Saturday, September 20, 2014

Fiction Review: The Goldfinch

I was completely blown away by the 2012 Pulitzer Prize winner for fiction, The Orphan Master’s Son by Adam Johnson. Despite that, when I heard that The Goldfinch by Donna Tartt won the 2013 Pulitzer Prize, I wasn’t interested in reading it. The plot description just didn’t sound intriguing to me. Fortunately, one of my book groups chose it for our September selection. I’m so glad I didn’t miss out on this extraordinary, compelling novel. So, I will describe the novel’s premise and plot, as I always do in a review, but you should read it anyway, even if it doesn’t interest you! This is one of those books that is far more than the sum of its parts.

Theo is only thirteen years old when his mother is killed in a horrific bombing that Theo himself miraculously survives. His father left them some time ago and there is no other family nearby, so Theo moves in with the wealthy family of his old school friend. They live in a big Park Avenue apartment, filled with expensive furnishings and surrounded by servants. In this foreign environment, Theo clings to his mother’s memory with the only thing he has to remember her by – a small painting called The Goldfinch that his mother loved.

One of the pleasures of this thick novel is its inherent suspense and many twists and turns, so I won’t say much more about what happens to Theo, except that the painting continues to play a prominent role in his life as he grows up. The novel follows Theo through adolescence to young adulthood and across multiple states and countries. He makes a friend, falls in love, finds a career, and through it all, holds onto some connections that occurred during and after the bombing, as that traumatic event and loss continue to affect every aspect of his life.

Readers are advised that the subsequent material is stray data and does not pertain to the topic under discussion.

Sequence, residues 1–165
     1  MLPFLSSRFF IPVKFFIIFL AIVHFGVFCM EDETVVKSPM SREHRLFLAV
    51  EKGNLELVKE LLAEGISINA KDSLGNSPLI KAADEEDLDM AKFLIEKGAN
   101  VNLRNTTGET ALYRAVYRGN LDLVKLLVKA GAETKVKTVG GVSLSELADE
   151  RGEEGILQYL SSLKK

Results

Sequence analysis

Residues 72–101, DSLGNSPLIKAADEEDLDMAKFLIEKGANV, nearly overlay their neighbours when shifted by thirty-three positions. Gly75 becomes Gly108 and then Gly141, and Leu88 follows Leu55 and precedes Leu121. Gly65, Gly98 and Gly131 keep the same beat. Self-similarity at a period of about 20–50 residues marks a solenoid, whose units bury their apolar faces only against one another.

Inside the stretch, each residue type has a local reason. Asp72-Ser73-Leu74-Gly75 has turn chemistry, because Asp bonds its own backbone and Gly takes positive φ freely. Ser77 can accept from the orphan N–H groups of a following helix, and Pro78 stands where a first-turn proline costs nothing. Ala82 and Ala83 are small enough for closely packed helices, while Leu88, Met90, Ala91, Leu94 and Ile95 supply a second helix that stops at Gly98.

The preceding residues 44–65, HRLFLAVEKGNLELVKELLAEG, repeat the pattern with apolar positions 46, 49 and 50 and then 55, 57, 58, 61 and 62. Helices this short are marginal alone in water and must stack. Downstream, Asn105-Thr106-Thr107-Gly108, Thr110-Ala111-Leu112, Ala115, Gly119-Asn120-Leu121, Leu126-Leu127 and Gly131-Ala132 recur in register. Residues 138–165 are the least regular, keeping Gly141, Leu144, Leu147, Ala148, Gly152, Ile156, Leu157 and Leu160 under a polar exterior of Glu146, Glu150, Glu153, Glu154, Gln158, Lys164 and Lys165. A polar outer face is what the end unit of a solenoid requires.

Theo is a likeable character who makes a lot of mistakes; you keep rooting for him and hoping he’ll get it right. He is surrounded by a full cast of memorable characters, including his immigrant friend, Boris (the unanimous favorite among my book group), his troubled father, the kind furniture restorer who becomes a friend, the family that took him in, and many others. The story woven around these characters is absolutely captivating, as we watch Theo grow up amid all kinds of challenges.

I mistakenly thought this was a novel about art…and it is, in part, with the painting at its center. However, it’s also a novel about love and loss, about regrets and mistakes, and about how a secret kept hidden can eat you alive. It has elements of romance, suspense, coming-of-age, art history, and is even part-thriller toward the end. In short, it is an epic tale of a young boy growing up and struggling to come to terms with the loss that defined his life. I dreaded starting this huge novel, but once I began reading, I hated to set it down and often read late into the night. The Goldfinch is a compelling, moving story that will stay with you long after you finish it.

771 pages, Little, Brown and Company

P.S. At our book discussion, 9 of the 10 people who'd read the complete book loved it; one said she hated it. So, you can't please everyone, but those are pretty good odds.

1 comment:

  1. I liked it a lot, but I thought the middle dragged with the drug incidents. I thought we didn't need a description of each incident. We kind of got the idea. I'm so shocked that everyone in your group liked Boris!!!! I did not like him. :) When he showed up again, I was not happy. I like how different people respond to literature.